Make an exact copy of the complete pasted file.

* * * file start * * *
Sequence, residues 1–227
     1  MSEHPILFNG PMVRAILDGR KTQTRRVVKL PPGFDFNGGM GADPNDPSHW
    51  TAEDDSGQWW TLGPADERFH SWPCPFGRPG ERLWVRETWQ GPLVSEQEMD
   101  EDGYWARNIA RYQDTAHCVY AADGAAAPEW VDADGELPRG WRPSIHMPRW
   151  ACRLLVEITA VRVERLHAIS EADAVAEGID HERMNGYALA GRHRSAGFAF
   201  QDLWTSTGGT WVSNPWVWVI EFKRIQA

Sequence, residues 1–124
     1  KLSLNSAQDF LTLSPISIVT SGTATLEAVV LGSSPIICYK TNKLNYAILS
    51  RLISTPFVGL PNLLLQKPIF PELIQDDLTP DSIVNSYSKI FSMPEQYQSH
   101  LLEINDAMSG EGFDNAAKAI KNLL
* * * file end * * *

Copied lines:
Sequence, residues 1–227
     1  MSEHPILFNG PMVRAILDGR KTQTRRVVKL PPGFDFNGGM GADPNDPSHW
    51  TAEDDSGQWW TLGPADERFH SWPCPFGRPG ERLWVRETWQ GPLVSEQEMD
   101  EDGYWARNIA RYQDTAHCVY AADGAAAPEW VDADGELPRG WRPSIHMPRW
   151  ACRLLVEITA VRVERLHAIS EADAVAEGID HERMNGYALA GRHRSAGFAF
   201  QDLWTSTGGT WVSNPWVWVI EFKRIQA

Sequence, residues 1–124
     1  KLSLNSAQDF LTLSPISIVT SGTATLEAVV LGSSPIICYK TNKLNYAILS
    51  RLISTPFVGL PNLLLQKPIF PELIQDDLTP DSIVNSYSKI FSMPEQYQSH
   101  LLEINDAMSG EGFDNAAKAI KNLL